Thursday, Shockley described a greater level of comfort this preseason compared to last. In 2008, he was under his third head coach and coordinator in as many years. This is the first camp in which he has had the same coach and coordinator, Mike Smith and Mike Mularkey, respectively, for two seasons in a row.
“I think last year, they were throwing everything at you at one time,” Shockley said. “You’re not only trying to just say the play in the huddle, it’s kind of hard to go to the line of scrimmage and be able to perform the play. This year, it’s more, you know the play, you know what’s going on and you can just go out and play.”
Smith sees the same thing in Shockley, the fan favorite from North Clayton High School.
“D.J. is more familiar in the offense,” he said. “Remember, last year, he was just a year removed from his ACL, so physically, he’s moving around a lot better, and he’s a lot more familiar with what we do in terms of play-calling and the verbiage.”
As with the other quarterbacks in camp — Ryan, Redman and rookie John Parker Wilson — Shockley will play one quarter against Detroit, Smith said Thursday. He declined to reveal the order.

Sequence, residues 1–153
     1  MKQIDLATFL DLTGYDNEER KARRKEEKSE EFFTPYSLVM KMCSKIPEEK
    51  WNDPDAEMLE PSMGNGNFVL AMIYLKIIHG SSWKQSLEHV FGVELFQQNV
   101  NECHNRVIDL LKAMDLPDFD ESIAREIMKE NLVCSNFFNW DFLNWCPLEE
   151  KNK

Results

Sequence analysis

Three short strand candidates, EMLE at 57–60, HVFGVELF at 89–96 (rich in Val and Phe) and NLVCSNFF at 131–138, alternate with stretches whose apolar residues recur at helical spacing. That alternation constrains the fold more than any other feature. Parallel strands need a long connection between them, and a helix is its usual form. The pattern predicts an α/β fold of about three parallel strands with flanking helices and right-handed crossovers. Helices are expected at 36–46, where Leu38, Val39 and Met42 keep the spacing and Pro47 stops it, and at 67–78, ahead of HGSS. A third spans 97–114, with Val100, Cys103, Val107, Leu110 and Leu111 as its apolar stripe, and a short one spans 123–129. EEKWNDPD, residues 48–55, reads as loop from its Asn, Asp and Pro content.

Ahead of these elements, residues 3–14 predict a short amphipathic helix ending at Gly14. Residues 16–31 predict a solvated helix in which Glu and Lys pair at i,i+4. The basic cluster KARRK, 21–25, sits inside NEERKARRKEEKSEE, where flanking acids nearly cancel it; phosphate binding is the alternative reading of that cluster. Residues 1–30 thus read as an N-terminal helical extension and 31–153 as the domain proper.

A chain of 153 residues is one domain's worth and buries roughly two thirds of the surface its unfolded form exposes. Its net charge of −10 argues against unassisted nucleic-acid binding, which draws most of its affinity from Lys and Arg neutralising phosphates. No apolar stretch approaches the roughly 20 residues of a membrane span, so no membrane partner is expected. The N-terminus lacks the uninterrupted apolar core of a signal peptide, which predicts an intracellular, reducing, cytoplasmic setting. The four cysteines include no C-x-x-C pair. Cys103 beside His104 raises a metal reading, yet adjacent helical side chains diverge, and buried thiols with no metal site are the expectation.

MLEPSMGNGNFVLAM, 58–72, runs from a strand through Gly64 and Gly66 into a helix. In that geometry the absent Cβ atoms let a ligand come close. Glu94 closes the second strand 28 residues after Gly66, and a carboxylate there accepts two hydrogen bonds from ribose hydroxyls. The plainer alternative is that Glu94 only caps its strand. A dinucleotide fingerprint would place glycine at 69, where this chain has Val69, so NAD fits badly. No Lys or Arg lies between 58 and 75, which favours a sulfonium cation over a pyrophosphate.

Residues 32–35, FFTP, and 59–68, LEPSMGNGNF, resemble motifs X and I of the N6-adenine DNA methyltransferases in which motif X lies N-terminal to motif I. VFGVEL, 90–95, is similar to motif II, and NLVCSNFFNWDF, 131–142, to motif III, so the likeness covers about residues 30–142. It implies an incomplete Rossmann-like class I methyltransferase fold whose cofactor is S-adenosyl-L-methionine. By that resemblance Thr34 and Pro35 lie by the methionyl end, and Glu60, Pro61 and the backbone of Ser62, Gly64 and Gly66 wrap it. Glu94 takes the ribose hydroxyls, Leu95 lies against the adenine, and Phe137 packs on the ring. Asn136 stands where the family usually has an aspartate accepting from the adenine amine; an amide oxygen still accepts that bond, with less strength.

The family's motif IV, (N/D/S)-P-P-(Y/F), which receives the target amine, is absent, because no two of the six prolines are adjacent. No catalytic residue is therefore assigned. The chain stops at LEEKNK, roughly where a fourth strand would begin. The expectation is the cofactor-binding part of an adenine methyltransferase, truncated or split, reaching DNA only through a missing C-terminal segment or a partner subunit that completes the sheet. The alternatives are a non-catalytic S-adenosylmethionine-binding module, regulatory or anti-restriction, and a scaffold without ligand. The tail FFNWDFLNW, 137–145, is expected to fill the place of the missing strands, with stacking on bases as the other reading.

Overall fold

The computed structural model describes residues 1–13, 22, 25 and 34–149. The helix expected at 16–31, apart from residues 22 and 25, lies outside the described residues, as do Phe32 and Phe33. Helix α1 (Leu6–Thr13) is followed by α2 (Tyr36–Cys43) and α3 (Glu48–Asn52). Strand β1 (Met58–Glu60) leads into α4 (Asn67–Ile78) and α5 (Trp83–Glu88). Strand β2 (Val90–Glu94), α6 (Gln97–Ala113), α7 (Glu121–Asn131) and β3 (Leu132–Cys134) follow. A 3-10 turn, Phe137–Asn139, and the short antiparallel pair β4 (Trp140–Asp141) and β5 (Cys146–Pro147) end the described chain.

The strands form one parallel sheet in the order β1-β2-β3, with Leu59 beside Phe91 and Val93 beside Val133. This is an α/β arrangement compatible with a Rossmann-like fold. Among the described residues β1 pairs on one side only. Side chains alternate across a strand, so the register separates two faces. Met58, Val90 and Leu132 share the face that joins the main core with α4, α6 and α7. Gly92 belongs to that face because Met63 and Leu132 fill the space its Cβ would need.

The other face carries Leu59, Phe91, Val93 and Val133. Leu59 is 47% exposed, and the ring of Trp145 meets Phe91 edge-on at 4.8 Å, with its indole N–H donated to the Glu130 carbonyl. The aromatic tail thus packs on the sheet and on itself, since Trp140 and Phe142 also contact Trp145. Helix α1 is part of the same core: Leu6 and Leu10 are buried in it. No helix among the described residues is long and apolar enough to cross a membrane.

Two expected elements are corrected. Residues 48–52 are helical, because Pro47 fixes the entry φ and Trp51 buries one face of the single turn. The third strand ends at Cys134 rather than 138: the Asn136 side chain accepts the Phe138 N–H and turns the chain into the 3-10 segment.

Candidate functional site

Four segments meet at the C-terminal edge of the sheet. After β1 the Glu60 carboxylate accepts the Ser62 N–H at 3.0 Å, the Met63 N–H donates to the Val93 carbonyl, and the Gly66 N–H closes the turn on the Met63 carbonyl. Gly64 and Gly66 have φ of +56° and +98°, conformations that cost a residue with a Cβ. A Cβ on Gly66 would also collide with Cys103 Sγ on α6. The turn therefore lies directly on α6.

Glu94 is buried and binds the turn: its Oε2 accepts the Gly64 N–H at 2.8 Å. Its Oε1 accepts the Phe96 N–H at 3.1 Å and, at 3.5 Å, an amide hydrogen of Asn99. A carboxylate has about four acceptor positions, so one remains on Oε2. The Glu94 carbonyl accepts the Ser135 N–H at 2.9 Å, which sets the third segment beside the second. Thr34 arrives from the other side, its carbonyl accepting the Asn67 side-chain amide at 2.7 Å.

“I just want to be able to move the chains and take care of the ball,” Shockley said. “I think that’s the biggest thing. They want to see the quarterback control the offense, not have any turnovers and also just manage the game.”
In short, Shockley has to show he can be a worthy backup to Ryan, and not merely a young player to develop. Both the backup and third-string jobs are open. Saturday’s game against the Lions will be the first opportunity for Redman, Shockley and Wilson to show what they can do. Should Wilson, an undrafted free agent from Alabama, make a strong enough push for the No. 3 job, the Falcons will have to decide if Shockley can supplant Redman for the backup job.
Redman has established his viability for the job: He was Ryan’s backup last season and has 10 career starts to his credit. As for Shockley, he has yet to play in a regular-season game.
Asked if Shockley has shown he can be a No. 2 quarterback, quarterbacks coach Bill Musgrave said, “We haven’t even played a game yet. I couldn’t answer that at this stage. That’s what preseason games are for, for young players to develop and also for our team to figure out how the competition shakes out.”
Shockley tries to keep a healthy perspective on his annual struggle for NFL employment.
“[In] reality, it is there, but at the same time, you’ve got to realize what makes you better,” Shockley said. “If you go out there and every single time you’re out there, you think, Hey, this play may make or break me, you’re not going to do your job well at all. You’ve just got to go out and just play.”
He’ll have his chance Saturday, and likely three more chances after that.
Said Shockley, “First you take care of today, and then you take care of tomorrow.”